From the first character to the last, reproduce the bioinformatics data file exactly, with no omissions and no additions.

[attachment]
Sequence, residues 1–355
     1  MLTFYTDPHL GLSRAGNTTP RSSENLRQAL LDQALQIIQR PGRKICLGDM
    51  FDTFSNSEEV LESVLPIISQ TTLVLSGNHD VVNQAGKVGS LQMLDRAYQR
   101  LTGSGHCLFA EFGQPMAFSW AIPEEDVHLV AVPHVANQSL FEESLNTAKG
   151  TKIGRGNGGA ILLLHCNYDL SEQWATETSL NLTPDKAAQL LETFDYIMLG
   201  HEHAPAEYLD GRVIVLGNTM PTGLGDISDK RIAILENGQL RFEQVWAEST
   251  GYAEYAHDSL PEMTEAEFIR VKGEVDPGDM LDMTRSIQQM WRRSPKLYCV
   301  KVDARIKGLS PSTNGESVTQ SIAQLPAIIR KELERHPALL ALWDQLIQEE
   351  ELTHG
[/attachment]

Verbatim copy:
Sequence, residues 1–355
     1  MLTFYTDPHL GLSRAGNTTP RSSENLRQAL LDQALQIIQR PGRKICLGDM
    51  FDTFSNSEEV LESVLPIISQ TTLVLSGNHD VVNQAGKVGS LQMLDRAYQR
   101  LTGSGHCLFA EFGQPMAFSW AIPEEDVHLV AVPHVANQSL FEESLNTAKG
   151  TKIGRGNGGA ILLLHCNYDL SEQWATETSL NLTPDKAAQL LETFDYIMLG
   201  HEHAPAEYLD GRVIVLGNTM PTGLGDISDK RIAILENGQL RFEQVWAEST
   251  GYAEYAHDSL PEMTEAEFIR VKGEVDPGDM LDMTRSIQQM WRRSPKLYCV
   301  KVDARIKGLS PSTNGESVTQ SIAQLPAIIR KELERHPALL ALWDQLIQEE
   351  ELTHG